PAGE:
Menstruation is entrenched with stigma and taboos, menstruation is rarely discussed in families or schools, and menarche often arrives suddenly to girls with little or no knowledge of what is happening. In this study, only 35.2% girls were aware of menstruation before menarche. Similarly, about 24.7% of adolescent were aware before menarche in other studies.[11] Menstruation is a natural process linked to the reproductive cycle of women and girls. It is not a sickness, but if not properly managed, it can result in health problems which can be compounded by social, cultural, and religious practices.[12] Only 56.2% of girls were aware that menstruation is a normal physiological process. Each cycle involves the release of an egg (ovulation) which moves into the uterus through the fallopian tubes. Tissue and blood start to line the walls of the uterus for fertilization. If the egg is not fertilized, the lining of the uterus is shed through the vagina along with blood. The bleeding generally lasts between 2 and 7 days, with some lighter flow and some heavier flow days. The cycle is often irregular for the 1st year or two after menstruation begins.[11] The menstrual cycle is regulated by a complex hormonal system with positive and negative feedback mechanisms and changes in sensitivity of peripheral tissues.[13] In this study, 33.3% of girls were aware that menstrual cycle of female reproduction is regulated by hormones.

In this study, only 12.4% of girls had normal attitude toward menstruation. 54.3% of girls were fearful, 21.9% were stressed, and 38.1% had discomfort and even 27.6% of girls missed their school attendance during menstruation. Menstruation is normal, but attitude toward menstruation is not, this is because menstruation remains a taboo in many societies and various negative cultural attitudes and beliefs are still associated with it.[14] In almost all cultures, menstruation is supposed to be kept secret and completely hidden from others. Young girls are taught from a younger age, and they have to manage it privately and discreetly. The lack of menstrual hygiene education and facilities greatly impacts the lives of women and girls.[15] Menstruating women and girls are still often considered “dirty” or “impure” which may lead to forced seclusion, reduced mobility, and dietary restrictions. Furthermore, menstruating girls and women can be excluded from participation in daily social activities. Some cultural beliefs around menstruation reinforce gender inequities and have negative impact on the dignity, health, and education of women and girls.

Many women experience restrictions on cooking work activities, sexual intercourse, bathing, worshipping, and eating certain foods.[16] These restrictions are due to the overall perception of the people regarding menstruation as they consider it dirty and polluting.[17] In this study, similar restrictions were found to be practiced.

A report by Plan India indicates that only 12% of Indian women out of 355 million menstruating women use sanitary pads, >88% of women resort to stunning options such as unsanitized cloths or rugs, ashes, and husk sand (Sinha K).[18] The biggest barrier to using a sanitary napkin is affordability. Around 70% of women in India cannot afford them.[17] In our study, 33.14% of girls were using only disposable sanitary pads as absorbent material during menstruation, and 41% used both sanitary pads and cloth where as 27.6% of girls used only cloth. In the current study, the use of sanitary napkins was affected by the free availability of sanitary napkins in government school of Delhi.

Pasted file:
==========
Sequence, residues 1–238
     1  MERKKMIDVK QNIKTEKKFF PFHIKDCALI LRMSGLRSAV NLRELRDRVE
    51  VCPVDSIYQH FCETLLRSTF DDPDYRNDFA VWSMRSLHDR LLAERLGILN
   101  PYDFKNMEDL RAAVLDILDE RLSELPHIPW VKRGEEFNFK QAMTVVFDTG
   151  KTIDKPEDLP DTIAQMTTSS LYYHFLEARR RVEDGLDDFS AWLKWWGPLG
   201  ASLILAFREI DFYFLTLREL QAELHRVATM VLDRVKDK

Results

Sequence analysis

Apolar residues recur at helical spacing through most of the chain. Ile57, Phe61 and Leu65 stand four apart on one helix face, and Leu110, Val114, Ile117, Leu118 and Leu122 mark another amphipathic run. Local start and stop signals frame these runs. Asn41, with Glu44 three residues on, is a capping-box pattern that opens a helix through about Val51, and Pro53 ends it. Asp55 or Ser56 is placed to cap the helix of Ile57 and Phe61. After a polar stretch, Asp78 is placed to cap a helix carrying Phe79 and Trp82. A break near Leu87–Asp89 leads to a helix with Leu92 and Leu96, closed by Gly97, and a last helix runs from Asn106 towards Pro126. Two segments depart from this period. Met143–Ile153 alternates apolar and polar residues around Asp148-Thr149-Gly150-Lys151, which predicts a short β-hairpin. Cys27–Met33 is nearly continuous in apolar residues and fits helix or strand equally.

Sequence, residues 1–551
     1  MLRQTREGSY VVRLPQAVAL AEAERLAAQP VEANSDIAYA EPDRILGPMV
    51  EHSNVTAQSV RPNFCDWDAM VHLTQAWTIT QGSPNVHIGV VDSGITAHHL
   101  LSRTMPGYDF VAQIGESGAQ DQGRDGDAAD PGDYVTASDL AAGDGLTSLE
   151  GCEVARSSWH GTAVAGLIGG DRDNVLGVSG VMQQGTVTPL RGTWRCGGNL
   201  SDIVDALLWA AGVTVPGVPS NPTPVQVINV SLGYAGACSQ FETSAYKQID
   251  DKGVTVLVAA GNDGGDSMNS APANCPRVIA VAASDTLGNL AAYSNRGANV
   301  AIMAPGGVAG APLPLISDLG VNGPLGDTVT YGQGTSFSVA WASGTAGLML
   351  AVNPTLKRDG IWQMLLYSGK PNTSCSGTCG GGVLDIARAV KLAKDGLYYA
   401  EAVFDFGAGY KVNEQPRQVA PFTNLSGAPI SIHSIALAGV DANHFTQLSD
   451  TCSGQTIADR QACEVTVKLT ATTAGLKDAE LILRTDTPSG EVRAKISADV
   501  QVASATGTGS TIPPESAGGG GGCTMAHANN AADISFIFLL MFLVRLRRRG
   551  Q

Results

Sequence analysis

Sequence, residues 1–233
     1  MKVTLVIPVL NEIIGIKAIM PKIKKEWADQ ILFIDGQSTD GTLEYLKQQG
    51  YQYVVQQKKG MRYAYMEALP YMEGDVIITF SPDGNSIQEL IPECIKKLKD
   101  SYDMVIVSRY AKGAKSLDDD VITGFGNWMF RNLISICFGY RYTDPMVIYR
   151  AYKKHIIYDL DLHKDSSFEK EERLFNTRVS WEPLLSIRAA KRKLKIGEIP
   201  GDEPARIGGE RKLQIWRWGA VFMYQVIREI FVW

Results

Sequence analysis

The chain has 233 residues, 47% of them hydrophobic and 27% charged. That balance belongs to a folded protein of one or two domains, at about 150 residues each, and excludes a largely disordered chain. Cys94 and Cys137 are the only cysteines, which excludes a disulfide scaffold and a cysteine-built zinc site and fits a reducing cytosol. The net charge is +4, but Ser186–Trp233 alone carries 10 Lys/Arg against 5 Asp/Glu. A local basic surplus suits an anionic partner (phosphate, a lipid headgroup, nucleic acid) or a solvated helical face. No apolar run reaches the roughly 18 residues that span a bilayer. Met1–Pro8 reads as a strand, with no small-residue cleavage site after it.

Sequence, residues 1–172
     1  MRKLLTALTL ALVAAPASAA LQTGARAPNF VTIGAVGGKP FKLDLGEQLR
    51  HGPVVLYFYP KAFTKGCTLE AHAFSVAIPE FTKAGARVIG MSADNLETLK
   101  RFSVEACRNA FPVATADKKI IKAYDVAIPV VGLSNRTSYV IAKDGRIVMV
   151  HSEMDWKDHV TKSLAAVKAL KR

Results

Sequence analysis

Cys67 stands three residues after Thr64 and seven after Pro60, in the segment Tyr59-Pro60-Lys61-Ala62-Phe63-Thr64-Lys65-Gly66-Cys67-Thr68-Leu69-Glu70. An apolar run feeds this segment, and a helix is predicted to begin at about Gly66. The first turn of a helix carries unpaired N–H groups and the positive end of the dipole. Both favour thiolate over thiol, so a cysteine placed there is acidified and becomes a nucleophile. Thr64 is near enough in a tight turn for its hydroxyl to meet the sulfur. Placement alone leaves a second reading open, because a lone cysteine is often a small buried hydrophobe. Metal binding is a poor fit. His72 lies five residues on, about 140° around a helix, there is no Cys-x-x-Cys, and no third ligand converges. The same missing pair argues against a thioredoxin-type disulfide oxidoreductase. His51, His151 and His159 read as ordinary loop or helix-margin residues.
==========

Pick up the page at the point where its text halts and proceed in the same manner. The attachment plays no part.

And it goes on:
Another issue that needs to be addressed is the disposal of materials used to soak menstrual blood. In our study, 76% of girls usually discarded the used material in community dustbins. Such a practice is detrimental to the environment and better techniques of disposing of the products used are needed. Incinerators can be installed in school and in community.

There are few limitations in our study. Our results were based on self-reporting by the study respondents. Hence, there could be underreporting by them. Another limitation could be generalizability of the results due to convenience sampling used in this study.


To conclude, the present study has underscored the necessity of adolescent girls to have adequate and precise knowledge about menstruation before menarche. They should also be taught about its relationship with their reproductive health. The overall knowledge about menstruation and menstrual hygiene of the adolescent girls of resettlement colony was found to unsatisfactory although the practices were noted to be fairly satisfactory. Most restrictions were laid down by the force of the family showing a poor attitude in the management of menstruation.

The girls should be made aware of the facts of menstruation and proper hygienic practices through mass media, school curriculum and school teacher, health personnel and above all, and well-informed parents. There should be monthly telecounseling sessions at all schools and Anganwadi centers, regular counseling session for mothers of adolescent girls should be arranged at school and Anganwadi centers because mother and school are the main source of information for adolescent girls. Health camps in schools need to be conducted to treat the girls suffering from reproductive tract morbidities.


This study was financially supported by the Indian Council of Medical Research, task force grant number no. 5/7/1/208-RHN, IRIS number 2008-0826, A to C. We are grateful for valuable guidance from late Prof., Dr. Deoki Nandan, Dr. Saumya Swaminathan, Dr. Balram Bhargava Dr. V. M. Katoch, Dr. R. S. Sharma, and Dr. Neeta Kumar.

Financial support and sponsorship

This study was financially supported by the Indian Council of Medical Research, task force grant number no. 5/7/1/208-RHN, IRIS number 2008-0826, A to C.

Conflicts of interest

There are no conflicts of interest.